- Why It’s Great. Philly has roughly one food truck for every 11,500 inhabitants, and that ratio is becoming even closer. The local industry is tight-knit and community-focused, with a highly developed advocacy network in the Philadelphia Mobile Food Association, which lobbies the city council and neighborhood associations for truck-friendly changes to zoning, siting, and licensing rules. The homegrown Philly Food Truck app connects hungry folks with their favorite vendors, showing their current locations and hours. And, since Philly has a high student population, many trucks are affordable, adventurous, and willing to keep late-night hours.
- Trucks to Try. If you live or work in Center City, visit Say Cheese (try the Presto Pesto and Wild Bill, both $6) at 16th Street and John F. Kennedy Boulevard on Fridays, or Octopus Falafel Truck for an enormous falafel sandwich (prices vary, depending on fillings) at 20th and Market. Meanwhile, The Creperie at Temple does sub-$10 crepes in more than a dozen ways (for opposite ends of the spectrum, try the Meat Lover and Very Veggie) near Temple University. The roaming Dapper Dog shuttles along the Broad Street corridor, leaving $5 Chicago- and Jersey-style hot dogs in its wake.
Cleveland has more than 40 mobile food vendors, mostly clustered downtown or in University Circle. As in Philadelphia, college students make out well: Both Cleveland State and Case Western University have native food trucks, and many roam between these two points. Cleveland’s weather does pose a challenge, with many operators closing for the long, snowy winters. Some, however, like Chris Hodgson of Hodge Podge Truck, focus on their brick-and-mortar restaurants during the cold season. Come May, springtime festivals rouse the rest from hibernation.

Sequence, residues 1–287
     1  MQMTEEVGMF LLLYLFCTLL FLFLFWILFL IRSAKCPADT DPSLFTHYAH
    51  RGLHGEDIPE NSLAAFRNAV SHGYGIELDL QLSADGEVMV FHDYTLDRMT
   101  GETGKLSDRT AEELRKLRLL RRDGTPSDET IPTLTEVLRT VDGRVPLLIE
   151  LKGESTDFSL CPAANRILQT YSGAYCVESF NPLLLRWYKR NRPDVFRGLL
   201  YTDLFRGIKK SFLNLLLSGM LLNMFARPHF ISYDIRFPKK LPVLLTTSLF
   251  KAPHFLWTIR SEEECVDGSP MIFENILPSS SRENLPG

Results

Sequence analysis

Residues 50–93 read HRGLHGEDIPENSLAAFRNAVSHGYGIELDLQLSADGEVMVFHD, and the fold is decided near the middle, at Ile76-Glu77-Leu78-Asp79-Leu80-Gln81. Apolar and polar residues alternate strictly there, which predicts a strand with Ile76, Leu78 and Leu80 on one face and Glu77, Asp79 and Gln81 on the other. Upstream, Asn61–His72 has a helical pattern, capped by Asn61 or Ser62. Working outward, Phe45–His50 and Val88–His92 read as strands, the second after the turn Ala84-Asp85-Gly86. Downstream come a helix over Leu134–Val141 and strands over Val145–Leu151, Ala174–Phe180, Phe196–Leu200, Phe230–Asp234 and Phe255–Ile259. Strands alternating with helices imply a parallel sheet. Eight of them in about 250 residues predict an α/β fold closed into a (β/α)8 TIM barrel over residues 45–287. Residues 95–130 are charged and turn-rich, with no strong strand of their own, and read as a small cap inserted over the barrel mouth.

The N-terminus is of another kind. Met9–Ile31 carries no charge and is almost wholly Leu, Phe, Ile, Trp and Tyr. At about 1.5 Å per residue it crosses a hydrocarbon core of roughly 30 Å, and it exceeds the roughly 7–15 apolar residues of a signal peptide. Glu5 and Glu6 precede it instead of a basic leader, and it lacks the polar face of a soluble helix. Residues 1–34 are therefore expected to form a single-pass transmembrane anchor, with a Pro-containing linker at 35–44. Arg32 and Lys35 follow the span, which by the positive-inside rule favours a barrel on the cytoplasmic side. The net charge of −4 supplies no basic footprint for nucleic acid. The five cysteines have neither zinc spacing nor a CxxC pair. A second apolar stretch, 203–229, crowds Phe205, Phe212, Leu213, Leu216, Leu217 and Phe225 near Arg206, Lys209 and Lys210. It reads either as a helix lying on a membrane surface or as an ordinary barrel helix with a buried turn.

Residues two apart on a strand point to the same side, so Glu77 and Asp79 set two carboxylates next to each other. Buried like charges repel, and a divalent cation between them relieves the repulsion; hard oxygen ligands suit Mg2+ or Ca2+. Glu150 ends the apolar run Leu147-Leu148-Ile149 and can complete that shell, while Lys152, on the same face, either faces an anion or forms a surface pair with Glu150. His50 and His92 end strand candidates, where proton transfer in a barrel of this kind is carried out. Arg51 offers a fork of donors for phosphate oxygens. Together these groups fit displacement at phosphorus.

- Why It’s Great. A ratio of roughly one food truck for every 10,000 inhabitants is impressive for a city that’s not always associated with innovative cuisine. It doesn’t yet have a local trade group, but Cleveland Food Truck serves as its PR mouthpiece and online used truck marketplace. Cleveland does have a resident food truck ambassador in Chris Hodgson, whose truck won second place on Food Network’s The Great Food Truck Race and who appeared on the Cooking Channel’s “Unique Eats.” Weekly gatherings such as Walnut Wednesdays attract upwards of a dozen trucks to fixed locations in the city’s business district.
- Trucks to Try. strEAT Mobile Bistro (try the summer pulled porch sandwich or holy chicken burrito, both $8) is a staple of the University Circle area. Donut Lab (sub-$5 donuts with various glazes and toppings) typically hangs out at East Shore Park and Cleveland Flea. Fire Truck Pizza Company brings its on-board pizza oven (in an actual fire truck) to Berea’s Italian American Festival and the Walnut Wednesday gathering. Its pies start at $8 and increase from there, with special pricing for catered events.
With the mildest climate of any big Canadian city, Vancouver has an entrenched outdoor dining culture. There are at least 100 officially licensed food trucks here, though the exact count fluctuates. Many of them cluster in the densely populated downtown and West End districts, but you can find a few in suburbs like New Westminster too. Even by the industry’s eclectic standards, Vancouver’s food trucks are innovative and globally focused, with many inspired by Indian, East Asian, and Middle Eastern cuisine.